Plaintiffs’ only assignment of error is that the trial court erred in granting summary judgment in favor of defendant. Plaintiffs maintain that there was sufficient evidence of defendant’s negligence and sufficient evidence on the lack of plaintiff’s contributory negligence to submit to the jury. We disagree.
Plaintiffs were invitees in the case at bar because their purpose for entering defendant’s property was to purchase the camper. Rappaport v. Days Inn, 296 N.C. 382, 250 S.E.2d 245 (1979). Under North Carolina law, as owner of the premises, defendant owed to plaintiffs as invitees the duty to exercise ordinary care to keep the property in a reasonably safe condition, and to warn them of hidden or concealed dangers of which he had knowledge, express or implied. Norwood v. Sherwin-Williams Co., 303 N.C. 462, 279 S.E.2d 559 (1981) (citing Long v. Methodist Home for Aged, Inc., 281 N.C. 137, 187 S.E.2d 718 (1972); Wrenn v. Hillcrest Convalescent Home, Inc., 270 N.C. 447, 154 S.E.2d 483 (1967)). However, it is also the law in this State that there is “no duty to warn an invitee of a hazard obvious to any ordinarily intelligent person using [her] eyes in an ordinary manner, or one of which the plaintiff had equal or superior knowledge.” Branks v. Kern, 320 N.C. 621, 624, 359 S.E.2d 780, 782 (1987). Defendant’s burden, therefore, is to show that one of the following essential elements of plaintiffs’ claim *789is nonexistent: (1) the area in which plaintiff was injured was not in a reasonably safe condition for its contemplated use, or (2) defendant knew or should have known of the unsafe condition. Pulley v. Rex Hospital, 326 N.C. 701, 392 S.E.2d 380 (1990). “Further, [plaintiff] may not recover if she knew of the unsafe condition or if it should have been obvious to any ordinary person under the circumstances existing at the time she was injured.” Id. at 705, 392 S.E.2d at 383.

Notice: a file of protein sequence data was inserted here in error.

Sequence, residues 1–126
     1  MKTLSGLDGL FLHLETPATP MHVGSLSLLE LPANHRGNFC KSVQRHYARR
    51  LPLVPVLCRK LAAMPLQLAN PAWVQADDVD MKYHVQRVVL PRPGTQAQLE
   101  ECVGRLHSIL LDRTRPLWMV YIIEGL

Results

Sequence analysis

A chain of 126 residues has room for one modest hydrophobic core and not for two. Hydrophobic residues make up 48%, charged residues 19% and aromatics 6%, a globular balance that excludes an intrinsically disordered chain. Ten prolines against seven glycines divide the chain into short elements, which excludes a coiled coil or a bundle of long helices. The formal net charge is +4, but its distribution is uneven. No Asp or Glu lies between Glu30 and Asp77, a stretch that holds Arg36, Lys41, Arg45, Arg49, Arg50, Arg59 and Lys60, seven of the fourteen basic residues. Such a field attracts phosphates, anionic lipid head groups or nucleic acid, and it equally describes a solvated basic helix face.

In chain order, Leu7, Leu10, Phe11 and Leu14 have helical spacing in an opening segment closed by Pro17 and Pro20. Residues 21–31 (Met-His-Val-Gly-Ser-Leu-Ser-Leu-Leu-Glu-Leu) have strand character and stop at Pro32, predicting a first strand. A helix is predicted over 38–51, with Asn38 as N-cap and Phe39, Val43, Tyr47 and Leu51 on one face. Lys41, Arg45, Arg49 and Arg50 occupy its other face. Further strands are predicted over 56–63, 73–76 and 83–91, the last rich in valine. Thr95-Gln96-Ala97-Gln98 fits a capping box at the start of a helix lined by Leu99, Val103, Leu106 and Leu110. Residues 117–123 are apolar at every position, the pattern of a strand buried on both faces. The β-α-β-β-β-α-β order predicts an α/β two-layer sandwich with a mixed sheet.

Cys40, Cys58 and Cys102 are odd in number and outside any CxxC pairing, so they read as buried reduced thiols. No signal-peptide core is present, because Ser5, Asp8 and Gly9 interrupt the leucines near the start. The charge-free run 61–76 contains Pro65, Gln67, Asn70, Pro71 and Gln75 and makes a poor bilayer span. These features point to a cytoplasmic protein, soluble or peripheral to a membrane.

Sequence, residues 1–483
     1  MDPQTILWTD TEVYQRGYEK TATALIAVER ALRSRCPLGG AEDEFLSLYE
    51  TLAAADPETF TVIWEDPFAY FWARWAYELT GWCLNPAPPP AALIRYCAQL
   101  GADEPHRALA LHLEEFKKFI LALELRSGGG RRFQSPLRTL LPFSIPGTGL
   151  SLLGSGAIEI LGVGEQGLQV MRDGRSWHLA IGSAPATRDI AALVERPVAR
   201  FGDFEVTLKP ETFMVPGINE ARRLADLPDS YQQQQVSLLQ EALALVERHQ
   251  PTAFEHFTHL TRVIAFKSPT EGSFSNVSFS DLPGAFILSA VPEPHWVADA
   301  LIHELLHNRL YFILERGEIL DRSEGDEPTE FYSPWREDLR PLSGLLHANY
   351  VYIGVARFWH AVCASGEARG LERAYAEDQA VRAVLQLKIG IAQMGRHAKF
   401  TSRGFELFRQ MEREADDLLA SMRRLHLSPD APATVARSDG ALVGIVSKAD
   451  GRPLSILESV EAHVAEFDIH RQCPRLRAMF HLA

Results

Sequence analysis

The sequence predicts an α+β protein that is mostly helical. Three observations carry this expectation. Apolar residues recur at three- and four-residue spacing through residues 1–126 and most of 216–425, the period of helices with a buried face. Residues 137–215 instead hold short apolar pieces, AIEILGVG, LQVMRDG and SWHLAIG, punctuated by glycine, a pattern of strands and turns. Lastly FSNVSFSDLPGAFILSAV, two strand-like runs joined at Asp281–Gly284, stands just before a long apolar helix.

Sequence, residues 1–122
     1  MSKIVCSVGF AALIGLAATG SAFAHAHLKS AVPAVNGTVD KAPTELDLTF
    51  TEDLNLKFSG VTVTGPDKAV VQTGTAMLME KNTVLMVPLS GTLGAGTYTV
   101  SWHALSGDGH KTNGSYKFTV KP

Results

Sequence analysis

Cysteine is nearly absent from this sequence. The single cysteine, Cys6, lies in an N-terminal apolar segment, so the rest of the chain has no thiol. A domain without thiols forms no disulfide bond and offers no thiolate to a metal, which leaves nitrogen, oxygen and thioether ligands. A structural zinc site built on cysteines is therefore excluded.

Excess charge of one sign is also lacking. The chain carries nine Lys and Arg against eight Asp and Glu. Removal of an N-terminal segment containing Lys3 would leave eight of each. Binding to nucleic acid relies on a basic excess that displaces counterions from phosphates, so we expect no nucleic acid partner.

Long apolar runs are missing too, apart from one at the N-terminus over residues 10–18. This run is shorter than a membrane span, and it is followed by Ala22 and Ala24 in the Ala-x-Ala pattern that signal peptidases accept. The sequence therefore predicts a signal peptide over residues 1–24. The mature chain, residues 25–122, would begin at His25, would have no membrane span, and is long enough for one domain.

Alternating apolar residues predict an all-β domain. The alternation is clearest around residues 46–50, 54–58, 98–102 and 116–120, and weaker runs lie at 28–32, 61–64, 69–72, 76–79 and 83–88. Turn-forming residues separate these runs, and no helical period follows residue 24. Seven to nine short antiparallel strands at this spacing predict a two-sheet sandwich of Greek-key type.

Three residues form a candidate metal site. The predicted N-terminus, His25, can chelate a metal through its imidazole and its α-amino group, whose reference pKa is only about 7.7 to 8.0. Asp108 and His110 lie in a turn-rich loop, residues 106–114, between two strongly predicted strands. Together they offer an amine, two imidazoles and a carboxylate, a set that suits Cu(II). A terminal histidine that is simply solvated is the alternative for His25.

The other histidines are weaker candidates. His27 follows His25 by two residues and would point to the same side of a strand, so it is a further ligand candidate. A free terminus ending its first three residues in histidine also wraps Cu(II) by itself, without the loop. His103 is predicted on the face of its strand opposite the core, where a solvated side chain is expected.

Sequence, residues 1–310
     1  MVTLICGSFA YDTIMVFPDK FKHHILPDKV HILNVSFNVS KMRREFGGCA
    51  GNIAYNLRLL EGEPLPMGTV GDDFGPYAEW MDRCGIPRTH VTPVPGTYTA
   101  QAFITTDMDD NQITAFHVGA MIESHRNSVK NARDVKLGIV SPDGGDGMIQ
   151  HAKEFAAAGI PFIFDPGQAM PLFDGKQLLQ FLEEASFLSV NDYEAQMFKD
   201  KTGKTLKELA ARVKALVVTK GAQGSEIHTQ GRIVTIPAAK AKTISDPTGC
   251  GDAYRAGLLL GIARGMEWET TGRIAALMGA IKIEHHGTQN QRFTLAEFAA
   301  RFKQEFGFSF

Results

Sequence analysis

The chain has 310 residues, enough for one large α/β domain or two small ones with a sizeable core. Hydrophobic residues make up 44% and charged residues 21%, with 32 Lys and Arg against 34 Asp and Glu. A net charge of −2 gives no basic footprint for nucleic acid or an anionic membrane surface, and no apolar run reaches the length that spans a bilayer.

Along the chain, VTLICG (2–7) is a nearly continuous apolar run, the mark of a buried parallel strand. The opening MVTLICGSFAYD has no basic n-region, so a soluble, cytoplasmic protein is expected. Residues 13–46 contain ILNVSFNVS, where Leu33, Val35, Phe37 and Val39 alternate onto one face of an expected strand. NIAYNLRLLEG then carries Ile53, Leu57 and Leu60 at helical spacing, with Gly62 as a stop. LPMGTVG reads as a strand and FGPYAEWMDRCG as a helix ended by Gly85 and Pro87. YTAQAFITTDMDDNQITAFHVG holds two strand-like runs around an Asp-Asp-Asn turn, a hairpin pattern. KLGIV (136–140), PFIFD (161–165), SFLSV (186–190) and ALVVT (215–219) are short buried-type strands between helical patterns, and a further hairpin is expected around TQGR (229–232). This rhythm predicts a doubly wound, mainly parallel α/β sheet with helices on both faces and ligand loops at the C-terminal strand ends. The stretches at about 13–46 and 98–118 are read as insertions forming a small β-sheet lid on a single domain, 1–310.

Both plaintiffs and defendant cite to several factually similar slip and fall cases. Evans v. Batten, 262 N.C. 601, 138 S.E.2d 213 (1964) (per curiam) (indenture in walkway); Spell v. Contractors, 261 N.C. 589, 135 S.E.2d 544 (1964) (dirt-filled ditch); Falatovitch v. Clinton, 259 N.C. 58, 129 S.E.2d 598 (1963) (per curiam) (hole in sidewalk filled with dirt and trash); Smith v. Hickory, 252 N.C. 316, 113 S.E.2d 557 (1960) (hole in sidewalk); Fanelty v. Jewlers, 230 N.C. 694, 55 S.E.2d 493 (1949) (terrazzo entryway); cf. Lamm v. Bissette Realty, 327 N.C. 412, 395 S.E.2d 112 (1990) (uneven risers and no handrails); Rappaport v. Days Inn, 296 N.C. 382, 250 S.E.2d 245 (1979) (concrete step-up from parking lot); Rone v. Byrd Food Stores, 109 N.C. App. 666, 428 S.E.2d 284 (1993) (wet floor); Barnes v. Wilson Hardware Co., 77 N.C. App. 773, 336 S.E.2d 457 (1985) (lack of handrail); Green v. Wellons, Inc., 52 N.C. App. 529, 279 S.E.2d 37 (1981) (cracks on sidewalk). In light of these cases and under the principles stated above, summary judgment in favor of defendant was appropriate.